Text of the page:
I remember back in 2007, when it was still being called “Smart Dust”. Then the IoT name was invented, but no one said anything about it for another 7 years, and suddenly it is *all* people can say.

    At the ESC that just happened, everyone was touting IoT solutions, some only at the top level, some claiming bottom-to-top solutions. Supposedly, ARM is going to come in swinging with mbed 2.0 (or 3.0? whichever).

    We are in an absolute nadir of IoT tech and solutions right now.

    1. Andrew, I don’t think that is the main issue. Because in the end all devices reach the internet level and there they could talk the same language, independent on the PHY they used to get there. What you then need is some way for the systems from different manufacturers to talk to each other and I see this through multiple 3rd party apps that have the ability to talk to a variety of devices: openhab, openremote, mr house, freedomotic just to name a few rather free ones.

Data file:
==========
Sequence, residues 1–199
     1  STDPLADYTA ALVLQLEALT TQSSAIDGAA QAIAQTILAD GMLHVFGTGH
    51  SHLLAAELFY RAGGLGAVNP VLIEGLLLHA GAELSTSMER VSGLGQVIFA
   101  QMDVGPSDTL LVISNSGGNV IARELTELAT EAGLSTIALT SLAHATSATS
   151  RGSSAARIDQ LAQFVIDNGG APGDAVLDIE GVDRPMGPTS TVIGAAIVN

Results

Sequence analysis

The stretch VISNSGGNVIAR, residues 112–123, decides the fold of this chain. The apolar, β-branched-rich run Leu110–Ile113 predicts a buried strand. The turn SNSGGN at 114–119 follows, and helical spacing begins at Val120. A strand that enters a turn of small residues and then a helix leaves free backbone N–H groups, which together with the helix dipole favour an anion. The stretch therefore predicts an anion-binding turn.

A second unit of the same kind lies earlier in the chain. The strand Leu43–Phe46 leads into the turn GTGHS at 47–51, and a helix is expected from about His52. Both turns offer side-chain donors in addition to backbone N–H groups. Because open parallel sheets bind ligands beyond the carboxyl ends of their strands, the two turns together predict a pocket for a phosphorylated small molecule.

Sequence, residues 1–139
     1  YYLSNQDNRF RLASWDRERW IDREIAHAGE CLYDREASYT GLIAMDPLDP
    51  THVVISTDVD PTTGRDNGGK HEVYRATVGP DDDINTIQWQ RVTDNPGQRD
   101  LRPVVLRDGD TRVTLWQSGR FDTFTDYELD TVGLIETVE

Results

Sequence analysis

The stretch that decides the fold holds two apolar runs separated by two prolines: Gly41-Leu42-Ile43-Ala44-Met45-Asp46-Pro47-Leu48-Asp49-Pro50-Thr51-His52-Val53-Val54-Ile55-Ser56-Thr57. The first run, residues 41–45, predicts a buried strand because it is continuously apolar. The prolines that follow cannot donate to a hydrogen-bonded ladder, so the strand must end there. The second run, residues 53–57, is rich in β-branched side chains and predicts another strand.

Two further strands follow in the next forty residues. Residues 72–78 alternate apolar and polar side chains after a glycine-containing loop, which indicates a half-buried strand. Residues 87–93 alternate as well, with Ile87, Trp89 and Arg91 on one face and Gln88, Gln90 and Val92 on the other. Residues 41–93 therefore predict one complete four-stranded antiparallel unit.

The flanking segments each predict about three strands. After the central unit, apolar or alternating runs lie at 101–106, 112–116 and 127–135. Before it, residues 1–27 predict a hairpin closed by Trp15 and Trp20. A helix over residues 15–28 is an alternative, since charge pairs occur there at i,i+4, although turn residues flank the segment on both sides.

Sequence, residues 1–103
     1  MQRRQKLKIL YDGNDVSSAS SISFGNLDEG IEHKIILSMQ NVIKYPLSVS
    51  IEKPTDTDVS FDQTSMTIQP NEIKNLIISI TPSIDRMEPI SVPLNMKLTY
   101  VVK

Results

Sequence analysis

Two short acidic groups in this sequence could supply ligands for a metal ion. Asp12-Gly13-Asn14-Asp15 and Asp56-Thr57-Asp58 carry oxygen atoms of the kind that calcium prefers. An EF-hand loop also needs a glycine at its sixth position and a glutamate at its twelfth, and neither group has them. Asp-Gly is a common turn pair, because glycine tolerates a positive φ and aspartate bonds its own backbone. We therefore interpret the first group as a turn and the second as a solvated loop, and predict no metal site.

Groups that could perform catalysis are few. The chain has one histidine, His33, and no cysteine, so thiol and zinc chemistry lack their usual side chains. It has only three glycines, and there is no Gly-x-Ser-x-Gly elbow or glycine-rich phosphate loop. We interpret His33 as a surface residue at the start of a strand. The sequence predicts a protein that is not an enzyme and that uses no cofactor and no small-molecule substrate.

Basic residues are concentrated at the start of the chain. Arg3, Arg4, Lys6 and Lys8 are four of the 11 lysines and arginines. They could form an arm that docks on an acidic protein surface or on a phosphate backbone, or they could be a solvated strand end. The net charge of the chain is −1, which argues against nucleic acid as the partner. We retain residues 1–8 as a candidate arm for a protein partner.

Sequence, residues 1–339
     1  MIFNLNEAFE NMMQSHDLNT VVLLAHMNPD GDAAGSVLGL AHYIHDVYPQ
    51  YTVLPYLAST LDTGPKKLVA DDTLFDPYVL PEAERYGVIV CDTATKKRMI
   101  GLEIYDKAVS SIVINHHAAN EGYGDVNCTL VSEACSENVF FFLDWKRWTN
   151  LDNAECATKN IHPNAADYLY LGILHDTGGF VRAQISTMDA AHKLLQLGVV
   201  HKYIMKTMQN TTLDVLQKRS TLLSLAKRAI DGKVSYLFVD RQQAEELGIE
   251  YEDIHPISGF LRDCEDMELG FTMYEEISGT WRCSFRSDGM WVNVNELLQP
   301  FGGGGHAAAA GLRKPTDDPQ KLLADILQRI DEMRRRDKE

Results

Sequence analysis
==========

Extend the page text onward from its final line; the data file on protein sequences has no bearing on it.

When smartphones started appearing in the business world regular people had no need for them until they realized that they could communicate through all means at all time and for a low cost. It solved the need for communication, a very important human need. IoT has not found such a need to address.

  3. I am probably the only person who feels this way on HaD, but I have no desire to make / buy / whatever more things on the IoJ (Internet of Junk). It is probably just my own myopia, but I don’t see the appeal of connecting more things to the network. Is there already some sort of killer app out there that makes it all worthwhile? Or is it just stuff like letting you remotely toggle your lamp or start the oven when you are stuck in traffic?

    (Or maybe I just watched too much BSG and have acquired an inherent mistrust for networks… ;-) )

      1. I have a LIFX bulb and absolutely love it. I struggle to make up in the mornings, so I can set (from my phone) a time for my light to start fading on. I can set this on the fly, and to happen before my phone’s alarm goes off.

        Some uses for IoT are gimmicks, not all.